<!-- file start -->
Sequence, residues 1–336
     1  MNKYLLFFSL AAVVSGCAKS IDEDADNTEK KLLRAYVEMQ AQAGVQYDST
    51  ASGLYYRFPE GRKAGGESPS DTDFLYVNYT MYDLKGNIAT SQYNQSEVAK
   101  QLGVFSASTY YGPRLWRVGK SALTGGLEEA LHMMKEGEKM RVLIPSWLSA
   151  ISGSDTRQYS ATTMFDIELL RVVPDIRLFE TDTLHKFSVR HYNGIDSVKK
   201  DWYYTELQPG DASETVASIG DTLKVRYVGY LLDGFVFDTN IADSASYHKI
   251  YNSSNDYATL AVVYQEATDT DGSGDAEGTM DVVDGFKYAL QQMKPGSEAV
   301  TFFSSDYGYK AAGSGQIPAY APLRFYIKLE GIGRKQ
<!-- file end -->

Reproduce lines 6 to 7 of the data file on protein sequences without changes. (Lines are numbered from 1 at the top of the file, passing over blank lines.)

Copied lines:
   201  DWYYTELQPG DASETVASIG DTLKVRYVGY LLDGFVFDTN IADSASYHKI
   251  YNSSNDYATL AVVYQEATDT DGSGDAEGTM DVVDGFKYAL QQMKPGSEAV